versão On-line ISSN 2078-5135
versão impressa ISSN 0256-9574
SAMJ, S. Afr. med. j. vol.101 no.9 Cape Town Set. 2011
Prostate cancer - is screening the solution?
Prostate cancer is the most common cancer in men in the UK, accounting for nearly a quarter of all new male cancer diagnoses and around 12% of all male cancer deaths.1 Based on a similar time period, incidence rates in the USA are even higher at 56.9 per 100 000 men for all races and 234.6 per 100 000 for black men. One in 6 American men are at risk of being diagnosed with cancer of the prostate during their lifetime.2
An increased risk of cancer of the prostate is related primarily to age and family history and to a lesser extent to race. Prevalence is low under the age of 50 years and peaks at 50 - 80 years, while 5 -10% of cases are thought to have a substantial inherited component, black men having an approximately trebled risk.2 Prevalence rates have increased in recent times, partly due to increased case finding in asymptomatic men who are screened, and in tissue removed at transurethral prostatectomy for benign prostatic hypertrophy, where prostate cancer has been reported in up to 10% of cases.3
Cancer of the prostate is largely a disease of older men, and many cancers detected in asymptomatic patients will be indolent and slow growing and will not shorten life. The average age of death from this disease in the UK is 80 - 84 years; by the age of 80 years, approximately 80% of men will have some cancer cells in their prostate. Many of these men will die from unrelated causes. Therefore, although 1 in 26 men (3.8%) in England and Wales will die from prostate cancer, many more will have low-risk indolent tumours and will die with, rather than from, the disease. By comparison, 1 in 2 men will die from cardiovascular disease and 1 in 53 from colon cancer.4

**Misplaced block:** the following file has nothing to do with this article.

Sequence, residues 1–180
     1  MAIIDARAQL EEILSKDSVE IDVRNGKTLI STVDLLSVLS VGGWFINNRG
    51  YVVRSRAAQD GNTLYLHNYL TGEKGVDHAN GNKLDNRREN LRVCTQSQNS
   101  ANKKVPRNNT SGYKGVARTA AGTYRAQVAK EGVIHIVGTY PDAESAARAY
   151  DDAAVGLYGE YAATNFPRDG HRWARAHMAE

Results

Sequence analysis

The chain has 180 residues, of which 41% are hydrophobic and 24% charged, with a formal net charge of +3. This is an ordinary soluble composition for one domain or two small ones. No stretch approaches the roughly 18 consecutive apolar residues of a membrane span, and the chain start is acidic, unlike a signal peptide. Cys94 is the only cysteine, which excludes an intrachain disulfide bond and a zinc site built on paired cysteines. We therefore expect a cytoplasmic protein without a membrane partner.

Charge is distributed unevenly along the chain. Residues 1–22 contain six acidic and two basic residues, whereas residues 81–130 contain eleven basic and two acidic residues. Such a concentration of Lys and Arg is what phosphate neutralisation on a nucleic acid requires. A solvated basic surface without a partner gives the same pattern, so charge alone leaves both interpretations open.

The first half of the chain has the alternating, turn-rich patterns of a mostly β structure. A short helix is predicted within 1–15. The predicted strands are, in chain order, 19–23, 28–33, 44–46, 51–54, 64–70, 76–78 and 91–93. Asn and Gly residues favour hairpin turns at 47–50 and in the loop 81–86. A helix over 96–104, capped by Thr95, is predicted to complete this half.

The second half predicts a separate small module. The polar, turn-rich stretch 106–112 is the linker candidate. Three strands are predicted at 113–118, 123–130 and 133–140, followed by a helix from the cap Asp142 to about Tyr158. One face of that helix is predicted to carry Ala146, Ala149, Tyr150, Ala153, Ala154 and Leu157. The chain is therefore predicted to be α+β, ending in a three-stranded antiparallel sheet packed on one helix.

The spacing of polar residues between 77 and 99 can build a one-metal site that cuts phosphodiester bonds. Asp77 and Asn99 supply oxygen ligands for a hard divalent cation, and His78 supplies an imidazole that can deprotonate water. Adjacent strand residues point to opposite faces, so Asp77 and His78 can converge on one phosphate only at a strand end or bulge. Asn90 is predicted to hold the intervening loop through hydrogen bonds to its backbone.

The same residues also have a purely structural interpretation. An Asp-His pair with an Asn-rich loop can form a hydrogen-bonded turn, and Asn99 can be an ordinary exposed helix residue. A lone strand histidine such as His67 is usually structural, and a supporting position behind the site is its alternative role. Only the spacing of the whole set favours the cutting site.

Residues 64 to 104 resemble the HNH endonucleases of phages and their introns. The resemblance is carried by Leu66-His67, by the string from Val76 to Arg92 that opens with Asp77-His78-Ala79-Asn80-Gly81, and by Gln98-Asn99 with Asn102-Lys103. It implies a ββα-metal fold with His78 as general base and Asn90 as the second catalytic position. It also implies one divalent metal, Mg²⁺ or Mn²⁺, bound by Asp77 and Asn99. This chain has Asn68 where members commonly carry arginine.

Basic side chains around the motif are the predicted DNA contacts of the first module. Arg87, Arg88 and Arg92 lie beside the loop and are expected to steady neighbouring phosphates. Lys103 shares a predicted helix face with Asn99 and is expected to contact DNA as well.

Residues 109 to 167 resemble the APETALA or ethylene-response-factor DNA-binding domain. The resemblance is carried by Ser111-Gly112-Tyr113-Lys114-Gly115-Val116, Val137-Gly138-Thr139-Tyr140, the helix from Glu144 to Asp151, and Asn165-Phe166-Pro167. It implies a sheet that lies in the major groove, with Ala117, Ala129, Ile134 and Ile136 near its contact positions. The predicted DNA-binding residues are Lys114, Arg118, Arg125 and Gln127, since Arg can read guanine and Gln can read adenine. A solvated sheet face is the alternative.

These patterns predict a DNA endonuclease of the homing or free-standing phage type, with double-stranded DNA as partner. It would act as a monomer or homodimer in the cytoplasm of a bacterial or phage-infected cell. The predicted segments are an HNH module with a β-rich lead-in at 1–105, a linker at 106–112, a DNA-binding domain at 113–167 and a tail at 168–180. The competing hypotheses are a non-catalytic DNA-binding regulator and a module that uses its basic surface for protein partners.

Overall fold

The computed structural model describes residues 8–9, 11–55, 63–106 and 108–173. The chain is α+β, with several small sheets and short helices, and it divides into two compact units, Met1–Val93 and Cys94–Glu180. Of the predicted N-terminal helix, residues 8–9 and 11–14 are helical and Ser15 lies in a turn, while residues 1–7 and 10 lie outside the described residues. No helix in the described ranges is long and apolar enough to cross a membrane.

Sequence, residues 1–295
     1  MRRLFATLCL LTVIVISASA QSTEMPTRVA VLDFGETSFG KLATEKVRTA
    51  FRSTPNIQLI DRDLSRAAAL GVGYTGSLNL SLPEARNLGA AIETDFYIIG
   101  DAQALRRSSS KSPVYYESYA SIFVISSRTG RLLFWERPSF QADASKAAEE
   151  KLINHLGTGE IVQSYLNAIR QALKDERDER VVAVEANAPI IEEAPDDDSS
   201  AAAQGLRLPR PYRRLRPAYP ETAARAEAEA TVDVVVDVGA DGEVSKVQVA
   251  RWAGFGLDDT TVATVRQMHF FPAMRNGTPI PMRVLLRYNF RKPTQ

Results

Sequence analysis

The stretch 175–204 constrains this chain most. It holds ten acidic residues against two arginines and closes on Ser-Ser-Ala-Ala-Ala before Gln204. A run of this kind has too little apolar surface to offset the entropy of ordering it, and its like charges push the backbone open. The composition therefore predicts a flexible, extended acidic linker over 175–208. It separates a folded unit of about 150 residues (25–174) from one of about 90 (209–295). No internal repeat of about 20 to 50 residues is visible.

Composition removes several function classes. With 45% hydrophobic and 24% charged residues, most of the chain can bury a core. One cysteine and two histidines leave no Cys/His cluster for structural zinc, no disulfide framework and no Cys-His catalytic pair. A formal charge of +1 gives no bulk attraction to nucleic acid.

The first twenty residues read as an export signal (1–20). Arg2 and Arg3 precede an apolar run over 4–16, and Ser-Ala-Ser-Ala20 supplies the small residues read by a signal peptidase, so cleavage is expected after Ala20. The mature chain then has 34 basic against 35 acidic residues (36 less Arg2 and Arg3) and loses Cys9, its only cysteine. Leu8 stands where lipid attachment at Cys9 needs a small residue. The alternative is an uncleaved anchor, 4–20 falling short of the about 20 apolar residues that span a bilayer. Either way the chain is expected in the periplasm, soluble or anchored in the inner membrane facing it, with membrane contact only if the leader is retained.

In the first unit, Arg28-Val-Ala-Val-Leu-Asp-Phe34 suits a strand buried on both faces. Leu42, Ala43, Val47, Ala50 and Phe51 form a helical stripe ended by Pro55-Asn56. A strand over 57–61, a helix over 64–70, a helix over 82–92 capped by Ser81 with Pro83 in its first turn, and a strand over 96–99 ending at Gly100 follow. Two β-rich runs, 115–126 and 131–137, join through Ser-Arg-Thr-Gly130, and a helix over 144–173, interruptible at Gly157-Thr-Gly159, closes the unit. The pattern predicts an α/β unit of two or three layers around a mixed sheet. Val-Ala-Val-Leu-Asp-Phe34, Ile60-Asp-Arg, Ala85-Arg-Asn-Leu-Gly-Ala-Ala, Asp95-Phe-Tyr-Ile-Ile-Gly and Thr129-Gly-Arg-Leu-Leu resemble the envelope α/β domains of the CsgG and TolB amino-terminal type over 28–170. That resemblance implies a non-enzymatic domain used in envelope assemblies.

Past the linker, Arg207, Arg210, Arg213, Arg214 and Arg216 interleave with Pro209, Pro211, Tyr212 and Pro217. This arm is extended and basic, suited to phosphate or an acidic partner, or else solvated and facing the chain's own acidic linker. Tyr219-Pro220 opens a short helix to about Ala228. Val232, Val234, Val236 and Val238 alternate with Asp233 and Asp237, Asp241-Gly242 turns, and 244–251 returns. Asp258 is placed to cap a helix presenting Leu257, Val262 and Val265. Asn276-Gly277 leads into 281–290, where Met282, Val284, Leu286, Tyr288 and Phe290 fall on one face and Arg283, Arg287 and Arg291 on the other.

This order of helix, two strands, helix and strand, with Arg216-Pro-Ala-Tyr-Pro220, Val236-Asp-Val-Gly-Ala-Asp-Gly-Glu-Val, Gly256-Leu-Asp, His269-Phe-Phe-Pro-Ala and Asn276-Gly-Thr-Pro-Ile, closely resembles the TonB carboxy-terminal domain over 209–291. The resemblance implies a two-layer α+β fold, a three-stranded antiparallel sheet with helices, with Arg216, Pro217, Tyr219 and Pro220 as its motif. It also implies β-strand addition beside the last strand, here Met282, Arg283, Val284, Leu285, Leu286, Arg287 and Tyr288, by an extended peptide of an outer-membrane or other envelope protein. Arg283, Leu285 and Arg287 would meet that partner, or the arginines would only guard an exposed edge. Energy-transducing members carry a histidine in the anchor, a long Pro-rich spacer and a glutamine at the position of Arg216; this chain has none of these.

Cancer of the prostate is not a single disease entity, and its natural history is still not fully understood. It is rather a spectrum of diseases, ranging from indolent slow-growing tumours that may not cause any symptoms or shorten life, to aggressive rapidly growing tumours. However, some tumours change from being low-risk and slow-growing to high-risk aggressive tumours, and it is not possible to accurately predict which tumours will behave in such a manner.4 Therein lies the dilemma posed by screening programmes, which usually target older men (over the age of 50 years). Apart from uncertainties around the effectiveness of screening and a reported incidence of false-positive results of 10 -15%5 - with the associated anxiety that this creates6 - many men will be at risk of undergoing aggressive surgical and irradiation therapy for a disease they may die with, rather than from. More recent access to less invasive brachytherapy may partially reduce this risk, but at what cost? It is almost inevitable that this less invasive treatment will also be over-used because of the same uncertainties that have influenced treatment choices until now, and the cost will undoubtedly limit access in the current funding environment.
It has recently been shown that with the type of cancer detected by screening an ageing population, 1 410 men will need to be screened and 48 treated for prostatic cancer to save one life, and a significant number of those may be left incontinent or impotent as a consequence.5 Does the benefit of screening for prostate cancer in an older population outweigh the risk? Overdiagnosis and overtreatment of prostatic malignancy, because of the absence of a good way of detecting which cancers will progress, arguably poses one of the major challenges of current clinical practice. Although the American health care model has advocated screening with digital rectal examination and prostatic specific antigen (PSA) since the early 1990s, there are still no specific guidelines in place in the UK, either for screening of high-risk families or of the general population, because of the above uncertainties.